Adding omega-3 supplements to a calorie-controlled diet may combat the chronic inflammation associated with obesity by boosting specialized pro-resolving mediators derived from DHA, says a new study European scientists.
Three months of DHA + EPA supplementation resulted in significant reductions in markers of inflammation such as cytokines, adhesion molecules and acute phase proteins, and an increase in specialized pro-resolving mediators (SPMs) in 59 obese women, according to results published in Biochimica et Biophysica Acta (BBA) - Molecular and Cell Biology of Lipids .
“Of great interest is the observation that DHA-derived resolvins and protectins were increased in plasma of women with obesity given [omega-3] supplements. These DHA-derived mediators have a key role in resolution of inflammation suggesting that in obesity [omega-3] may not only reduce inflammation but may actively resolve it,” wrote researchers from Poland and the UK.
“Teaching us the value of being able to modulate the inflammatory response”
Commenting independently on the study’s findings, Dr Gerard Bannenberg, director of compliance & scientific outreach for the Global Organization for EPA and DHA Omega-3s (GOED), told us: “This study by Polus et al. provides further supports to the description of obesity as a disorder that is characterized by inflammation that is measurable at systemic level. Interestingly, the inflamed state was shown to be decreased when improving the participant’s omega-3 status by supplemental EPA and DHA intake.
“Measurable increases in pro-resolving lipid mediators derived from DHA, following three months of increased omega-3 intake, indicate that a pro-resolving response is activated that the authors believe may be helping to limit and turn off the chronic low-grade inflammation in the obese female participants.
“Through a comprehensive documentation of several aspects of inflammation in obesity, this study shows that several molecular events previously elucidated in animal studies are also operative in humans, and can likewise be modulated by improving one’s omega-3 status.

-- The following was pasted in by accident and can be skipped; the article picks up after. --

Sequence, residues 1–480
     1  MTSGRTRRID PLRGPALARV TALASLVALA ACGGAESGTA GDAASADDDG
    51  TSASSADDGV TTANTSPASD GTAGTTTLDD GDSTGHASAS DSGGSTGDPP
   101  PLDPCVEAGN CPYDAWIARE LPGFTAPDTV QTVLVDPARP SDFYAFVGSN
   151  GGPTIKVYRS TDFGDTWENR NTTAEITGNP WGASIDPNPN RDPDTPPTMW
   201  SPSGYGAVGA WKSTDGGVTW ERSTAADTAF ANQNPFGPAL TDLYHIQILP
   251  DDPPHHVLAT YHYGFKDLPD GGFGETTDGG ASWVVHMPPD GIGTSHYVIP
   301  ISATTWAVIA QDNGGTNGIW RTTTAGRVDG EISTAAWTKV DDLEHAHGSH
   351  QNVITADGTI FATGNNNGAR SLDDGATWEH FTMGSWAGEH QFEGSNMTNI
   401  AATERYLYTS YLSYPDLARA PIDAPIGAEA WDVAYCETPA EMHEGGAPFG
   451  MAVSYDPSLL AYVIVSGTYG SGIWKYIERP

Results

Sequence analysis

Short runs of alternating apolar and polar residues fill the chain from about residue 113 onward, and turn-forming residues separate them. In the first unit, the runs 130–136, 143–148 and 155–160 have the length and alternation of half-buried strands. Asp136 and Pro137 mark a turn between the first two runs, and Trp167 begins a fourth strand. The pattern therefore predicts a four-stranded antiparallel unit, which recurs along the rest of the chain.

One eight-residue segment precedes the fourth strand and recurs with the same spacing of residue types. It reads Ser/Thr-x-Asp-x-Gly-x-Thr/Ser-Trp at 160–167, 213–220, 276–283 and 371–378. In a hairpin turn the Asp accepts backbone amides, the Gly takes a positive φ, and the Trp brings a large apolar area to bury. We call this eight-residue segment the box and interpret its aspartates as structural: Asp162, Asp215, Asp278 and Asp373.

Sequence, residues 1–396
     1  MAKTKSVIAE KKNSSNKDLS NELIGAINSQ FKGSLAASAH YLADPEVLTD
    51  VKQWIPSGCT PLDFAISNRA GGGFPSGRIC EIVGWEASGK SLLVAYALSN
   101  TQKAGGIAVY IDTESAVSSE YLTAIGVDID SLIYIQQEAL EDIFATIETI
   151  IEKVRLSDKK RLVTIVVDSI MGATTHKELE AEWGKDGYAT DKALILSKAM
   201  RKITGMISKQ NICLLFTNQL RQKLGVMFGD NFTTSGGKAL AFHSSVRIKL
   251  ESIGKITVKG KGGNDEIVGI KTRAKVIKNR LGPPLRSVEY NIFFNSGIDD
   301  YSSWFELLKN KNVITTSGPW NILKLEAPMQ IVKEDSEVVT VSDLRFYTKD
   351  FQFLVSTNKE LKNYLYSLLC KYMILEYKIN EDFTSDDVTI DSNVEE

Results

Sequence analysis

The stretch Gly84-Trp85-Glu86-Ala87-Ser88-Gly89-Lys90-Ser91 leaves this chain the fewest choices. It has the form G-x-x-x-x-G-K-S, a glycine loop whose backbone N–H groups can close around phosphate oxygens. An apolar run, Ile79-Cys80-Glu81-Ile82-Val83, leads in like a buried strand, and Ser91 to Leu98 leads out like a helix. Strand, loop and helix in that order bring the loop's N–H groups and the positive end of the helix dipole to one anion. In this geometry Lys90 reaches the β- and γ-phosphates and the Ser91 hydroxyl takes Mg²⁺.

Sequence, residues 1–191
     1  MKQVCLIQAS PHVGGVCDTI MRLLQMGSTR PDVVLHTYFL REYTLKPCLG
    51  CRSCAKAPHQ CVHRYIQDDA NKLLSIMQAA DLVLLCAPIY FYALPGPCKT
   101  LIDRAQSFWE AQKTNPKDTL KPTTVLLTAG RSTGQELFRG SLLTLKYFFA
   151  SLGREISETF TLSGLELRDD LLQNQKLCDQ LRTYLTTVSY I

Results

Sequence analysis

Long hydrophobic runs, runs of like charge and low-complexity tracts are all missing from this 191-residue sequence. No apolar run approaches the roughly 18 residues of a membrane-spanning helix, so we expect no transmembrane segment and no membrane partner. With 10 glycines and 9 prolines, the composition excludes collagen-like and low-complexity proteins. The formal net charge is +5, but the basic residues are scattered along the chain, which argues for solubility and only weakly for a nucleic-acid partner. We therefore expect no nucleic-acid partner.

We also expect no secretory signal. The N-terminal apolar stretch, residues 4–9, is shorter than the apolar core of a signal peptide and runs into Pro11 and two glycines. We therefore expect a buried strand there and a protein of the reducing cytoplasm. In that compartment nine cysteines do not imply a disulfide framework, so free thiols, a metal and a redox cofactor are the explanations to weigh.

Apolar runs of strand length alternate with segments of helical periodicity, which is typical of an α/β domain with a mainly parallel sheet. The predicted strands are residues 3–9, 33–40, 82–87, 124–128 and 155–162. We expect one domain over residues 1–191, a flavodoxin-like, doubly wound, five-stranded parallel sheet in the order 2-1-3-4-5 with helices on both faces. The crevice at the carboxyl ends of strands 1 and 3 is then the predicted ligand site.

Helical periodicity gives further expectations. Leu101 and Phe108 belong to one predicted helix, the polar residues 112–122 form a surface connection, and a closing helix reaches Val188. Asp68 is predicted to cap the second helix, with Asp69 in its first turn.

“Future human research employing well-controlled dietary intervention studies that take into account the tissue status of omega-3 polyunsaturated fatty acids in the body will further teach us the value of being able to modulate the inflammatory response in a range of diseases that are characterized by inflammation.”
The researchers, led by Anna Polus from Jagiellonian University, Krakow, randomly assigned 59 moderately obese women with an average age of 46.6 to receive either omega-3 supplements containing 1,290 mg per day of DHA and 270-450 mg per day of EPA (EPAX 1050 TG; EPAX AS) or placebo for three months.
Results showed that the calorie-controlled diet produced significant reductions in body weight, fat mass, and BMI in both groups, but only the omega-3 supplemented group displayed significant increases in EPA and DHA.
In addition, only the omega-3 group had significantly decreased concentrations of several inflammatory markers, including E-selectin (SELE), monocyte chemoattractant protein 1 (MCP-1), vascular cell adhesion molecule 1 (VCAM-1), platelet/endothelial cell adhesion molecule 1 (PECAM-1), and C-reactive protein (CRP). The omega-3 group also experienced significant reduction to fasting triglycerides and insulin levels.
The researchers also found that there was an increase in SPMs correlated with up-regulated gene expression of enzyme ALOX5, which plays a role in SPM production.
Effects on specific genetic pathways linked to catabolism of fatty acids in mitochondria, the synthesis of phospholipids, mitochondrial electron transport chain, and antioxidant enzymes were also reported.
“We conclude that [omega-3 polyunsaturated fatty acids] can combat low grade inflammation in obesity through an increase of DHA-derived pro-resolving mediators and a decrease in a range of pro-inflammatory proteins.”